ɪᴛ ᴍᴜsᴛ ʙᴇ ᴍᴀᴅᴇ ᴋɴᴏᴡɴ ᴛʜᴀᴛ ɪ’ᴍ ᴀ ɢɪᴀɴᴛ ɴᴇʀᴅ ᴡʜᴏ ʟᴏᴠᴇs ᴀʟʟ ᴛʜɪɴɢs ᴀᴜᴅɪᴏ. ᴛʜᴜs, ɪ’ᴠᴇ ʙᴇᴇɴ ᴋɴᴏᴡɴ ᴛᴏ ᴄᴀʀʀʏ ᴀʀᴏᴜɴᴅ ᴛʜɪs 24ʙɪᴛ ᴡᴀᴠ ʀᴇᴄᴏʀᴅᴇʀ… ᴊᴜsᴛ, ʏᴏᴜ ᴋɴᴏᴡ… ʀᴇᴄᴏʀᴅɪɴɢ ᴜᴘ ᴀ sᴛᴏʀᴍ. ɪ ʜᴀᴠᴇ ᴀ ʀᴇᴀʟ ғᴏɴᴅɴᴇss ғᴏʀ ғɪᴇʟᴅ ʀᴇᴄᴏʀᴅɪɴɢs (ɴᴀᴛᴜʀᴀʟ sᴏᴜɴᴅs) ʟɪᴋᴇ ʀᴏᴏᴍ ɴᴏɪsᴇ, ɪɴᴛᴇʀɪᴏʀ/ᴇxᴛᴇʀɪᴏʀ ᴀᴍʙɪᴇɴᴄᴇ, ʙɪʀᴅsᴏɴɢ, ɴɪɢʜᴛ sᴏᴜɴᴅs, ᴄʀᴏᴡᴅᴇᴅ ʀᴏᴏᴍs ᴏғ ᴘᴇᴏᴘʟᴇ… ʏᴏᴜ ɴᴀᴍᴇ ɪᴛ. ɪ ᴊᴜsᴛ ᴇɴᴊᴏʏ ᴛʜᴇ ᴡᴏʀʟᴅ ᴏғ sᴏᴜɴᴅ.

Compression Management aka Controlling Destructive-Compression Madness

When over-compression sounds great


One of the most popular posts on this site is “Using compression to add punch, warmth and power to your mix” – a tutorial to help people get started with the basics of using compression.

In it, I suggest a rule of thumb:

If the gain reduction meter doesn’t return to zero several times a bar, you’re almost certainly using too much compression

And I stand by that suggestion – most of the time.

Now, just yesterday my good friend Joe Gilder over at Home Studio Corner put up a post on this subject, and quoted my rule of thumb. And immediately, the Devil’s Advocate in me wanted to post a reply. It got so long, I changed it into this post – I think I see a trend developing !

So, this post is about the times when you might want to ignore that rule – after all, rules are made to be broken, especially rules-of-thumb : )

Keep reading

Compression myths debunked, from UBK audio.

OK, “Top 4 Compressor Myths” DEBUNKED, Episode 1. 

Today I’ll start with MYTH #1:

1) Attack is the time it takes a compressor to start compressing after the signal crosses the threshold.

This is arguably the most common understanding of what a compressor’s Attack is, it shows up in articles, forums, even books written by people claiming authority.

Shocking news: it could not be more incorrect! If you think about it for a second, that definition would mean that a compressor’s attack time is no more than a glorified delay control, presumably inserted between the input and the detector. I can promise you this: the only analog compressors I know of with a delay line anywhere in the signal path are those with ‘lookahead’ capabilities, but those have the delay line in between the input and output, so the detector is 'ahead’ of the signal and able to catch peaks 'before’ they happen.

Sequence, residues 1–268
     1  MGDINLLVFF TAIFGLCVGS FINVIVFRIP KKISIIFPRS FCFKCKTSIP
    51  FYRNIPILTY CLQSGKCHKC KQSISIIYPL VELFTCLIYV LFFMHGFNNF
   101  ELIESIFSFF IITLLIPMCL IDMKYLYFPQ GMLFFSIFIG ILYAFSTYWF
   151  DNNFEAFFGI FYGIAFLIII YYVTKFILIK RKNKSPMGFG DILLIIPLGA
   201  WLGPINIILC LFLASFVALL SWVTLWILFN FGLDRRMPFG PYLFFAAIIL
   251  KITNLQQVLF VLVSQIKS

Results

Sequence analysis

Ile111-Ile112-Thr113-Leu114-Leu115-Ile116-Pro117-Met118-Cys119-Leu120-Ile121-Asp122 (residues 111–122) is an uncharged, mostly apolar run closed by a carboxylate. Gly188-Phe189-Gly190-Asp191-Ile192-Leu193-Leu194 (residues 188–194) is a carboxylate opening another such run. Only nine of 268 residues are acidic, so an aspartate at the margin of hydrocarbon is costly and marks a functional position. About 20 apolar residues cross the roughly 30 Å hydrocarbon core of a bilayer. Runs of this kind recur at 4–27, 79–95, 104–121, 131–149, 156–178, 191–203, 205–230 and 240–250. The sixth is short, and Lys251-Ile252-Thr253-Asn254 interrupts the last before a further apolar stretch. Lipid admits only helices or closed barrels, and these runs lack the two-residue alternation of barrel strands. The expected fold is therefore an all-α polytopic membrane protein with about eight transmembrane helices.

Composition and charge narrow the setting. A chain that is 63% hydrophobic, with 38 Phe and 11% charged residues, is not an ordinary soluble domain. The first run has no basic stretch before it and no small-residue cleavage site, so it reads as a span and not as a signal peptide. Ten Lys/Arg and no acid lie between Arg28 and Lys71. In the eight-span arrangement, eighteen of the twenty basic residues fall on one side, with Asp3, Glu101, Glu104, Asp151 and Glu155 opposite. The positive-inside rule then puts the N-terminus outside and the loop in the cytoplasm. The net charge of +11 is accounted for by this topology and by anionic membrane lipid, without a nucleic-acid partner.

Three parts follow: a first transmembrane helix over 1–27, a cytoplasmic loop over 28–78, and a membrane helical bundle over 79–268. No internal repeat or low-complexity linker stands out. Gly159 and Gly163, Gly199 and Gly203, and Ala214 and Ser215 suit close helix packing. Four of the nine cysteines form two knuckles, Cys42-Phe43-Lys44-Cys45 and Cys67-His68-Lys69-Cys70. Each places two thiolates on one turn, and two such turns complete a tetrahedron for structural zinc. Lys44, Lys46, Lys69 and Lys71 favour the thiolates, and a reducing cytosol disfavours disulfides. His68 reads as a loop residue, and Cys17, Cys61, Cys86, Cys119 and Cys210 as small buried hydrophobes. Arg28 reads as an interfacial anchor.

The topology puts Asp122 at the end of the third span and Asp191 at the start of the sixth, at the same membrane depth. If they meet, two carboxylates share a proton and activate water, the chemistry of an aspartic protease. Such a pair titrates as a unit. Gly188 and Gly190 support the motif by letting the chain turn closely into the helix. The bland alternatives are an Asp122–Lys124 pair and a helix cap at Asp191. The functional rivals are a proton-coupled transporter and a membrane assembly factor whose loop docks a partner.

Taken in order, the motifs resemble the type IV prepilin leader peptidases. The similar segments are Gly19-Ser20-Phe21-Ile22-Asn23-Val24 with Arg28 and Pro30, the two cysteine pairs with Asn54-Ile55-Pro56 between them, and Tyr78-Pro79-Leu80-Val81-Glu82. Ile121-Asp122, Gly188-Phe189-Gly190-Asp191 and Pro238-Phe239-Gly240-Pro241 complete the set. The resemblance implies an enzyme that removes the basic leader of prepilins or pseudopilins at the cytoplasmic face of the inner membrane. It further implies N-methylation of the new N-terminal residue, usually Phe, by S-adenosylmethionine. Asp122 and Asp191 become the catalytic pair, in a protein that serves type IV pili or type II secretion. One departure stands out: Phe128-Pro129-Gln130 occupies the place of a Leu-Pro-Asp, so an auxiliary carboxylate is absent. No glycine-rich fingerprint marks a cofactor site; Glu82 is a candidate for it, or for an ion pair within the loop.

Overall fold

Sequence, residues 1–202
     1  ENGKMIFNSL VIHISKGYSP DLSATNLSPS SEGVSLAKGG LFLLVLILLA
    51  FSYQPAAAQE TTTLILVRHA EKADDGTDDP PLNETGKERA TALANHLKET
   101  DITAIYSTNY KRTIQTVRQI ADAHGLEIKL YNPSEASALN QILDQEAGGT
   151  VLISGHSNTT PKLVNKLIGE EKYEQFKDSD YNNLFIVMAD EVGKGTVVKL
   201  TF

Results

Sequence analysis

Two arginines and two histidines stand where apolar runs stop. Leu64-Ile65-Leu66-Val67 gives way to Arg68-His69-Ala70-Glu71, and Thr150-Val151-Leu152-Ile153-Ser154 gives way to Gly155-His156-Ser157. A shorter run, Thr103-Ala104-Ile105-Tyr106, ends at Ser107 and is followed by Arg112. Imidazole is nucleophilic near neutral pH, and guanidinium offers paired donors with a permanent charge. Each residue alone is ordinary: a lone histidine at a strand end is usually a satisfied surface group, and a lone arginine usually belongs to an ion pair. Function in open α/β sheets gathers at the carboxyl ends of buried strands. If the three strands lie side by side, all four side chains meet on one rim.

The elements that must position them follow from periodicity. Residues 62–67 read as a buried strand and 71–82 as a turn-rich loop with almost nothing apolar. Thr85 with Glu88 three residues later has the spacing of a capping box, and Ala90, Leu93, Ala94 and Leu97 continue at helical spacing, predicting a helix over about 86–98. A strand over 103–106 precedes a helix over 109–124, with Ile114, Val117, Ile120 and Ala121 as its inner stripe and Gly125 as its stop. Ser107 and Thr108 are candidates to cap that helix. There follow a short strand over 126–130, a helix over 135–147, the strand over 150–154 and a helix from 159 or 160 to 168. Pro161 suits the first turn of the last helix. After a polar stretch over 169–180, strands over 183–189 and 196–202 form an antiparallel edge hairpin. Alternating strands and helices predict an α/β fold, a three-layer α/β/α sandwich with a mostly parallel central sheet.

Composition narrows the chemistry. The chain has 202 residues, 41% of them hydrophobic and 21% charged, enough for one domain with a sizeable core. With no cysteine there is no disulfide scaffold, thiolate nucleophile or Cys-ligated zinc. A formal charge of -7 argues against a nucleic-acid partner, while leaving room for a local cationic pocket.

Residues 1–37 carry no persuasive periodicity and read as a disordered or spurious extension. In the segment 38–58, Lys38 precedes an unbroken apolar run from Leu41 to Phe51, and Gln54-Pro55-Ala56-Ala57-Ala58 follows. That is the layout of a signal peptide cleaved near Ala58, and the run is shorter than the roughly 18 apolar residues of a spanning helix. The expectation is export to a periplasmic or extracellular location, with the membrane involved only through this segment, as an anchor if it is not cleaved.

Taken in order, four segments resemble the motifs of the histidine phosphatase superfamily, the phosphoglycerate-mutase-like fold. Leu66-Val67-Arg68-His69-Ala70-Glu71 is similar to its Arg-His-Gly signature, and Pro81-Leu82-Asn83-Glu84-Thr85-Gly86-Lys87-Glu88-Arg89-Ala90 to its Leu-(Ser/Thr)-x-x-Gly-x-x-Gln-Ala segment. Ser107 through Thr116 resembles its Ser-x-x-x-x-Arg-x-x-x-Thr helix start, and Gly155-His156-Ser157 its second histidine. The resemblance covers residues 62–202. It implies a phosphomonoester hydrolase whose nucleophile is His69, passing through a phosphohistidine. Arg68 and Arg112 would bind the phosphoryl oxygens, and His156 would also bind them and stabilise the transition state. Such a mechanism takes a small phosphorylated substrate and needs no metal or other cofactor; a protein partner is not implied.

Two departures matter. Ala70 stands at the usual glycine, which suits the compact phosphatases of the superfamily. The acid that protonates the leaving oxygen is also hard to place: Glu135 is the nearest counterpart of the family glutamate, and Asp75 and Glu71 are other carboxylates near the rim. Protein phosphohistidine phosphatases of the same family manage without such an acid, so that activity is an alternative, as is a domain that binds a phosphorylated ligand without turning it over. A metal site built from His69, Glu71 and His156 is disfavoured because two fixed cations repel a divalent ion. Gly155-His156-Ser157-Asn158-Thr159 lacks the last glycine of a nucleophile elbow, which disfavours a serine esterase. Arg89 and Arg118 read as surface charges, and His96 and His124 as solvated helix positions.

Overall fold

And with that, here is the correct definition of Attack:

Attack is the time it takes a compressor to

A) apply 9dB of Gain Reduction on a signal, which it does

 whenever a signal is over threshold *and* increasing in gain

As such, Attack isn’t so much a 'time’ as it is a 'rate’; increasing the attack time doesn’t slow down how long it takes the compressor to respond, it literally slows down the rate at which a compressor applies gain reduction. So it responds instantly, but it 'moves’ slower.

Think of it this way: imagine you’re at a red light with your foot on the accelerator. When that light turns green (signal goes over threshold) you hit the accelerator immediately, always, every time. But with a fast attack, you slam on the pedal and get up to speed quickly. With a slow attack, you press the pedal gently, so it takes you longer to get up to full speed.

In both scenarios, your response time is identical, you start moving as soon as the light turns green. The myth says that increasing the attack means you will wait longer to hit the pedal. The truth is that increasing the attack means you press down lighter on the pedal.

I could keep writing, but at this point it might be more interesting to see if anyone has any questions I can answer. 

So ask away, and if not, I’ll continue writing later today or tomorrow and dig deeper into these myths!


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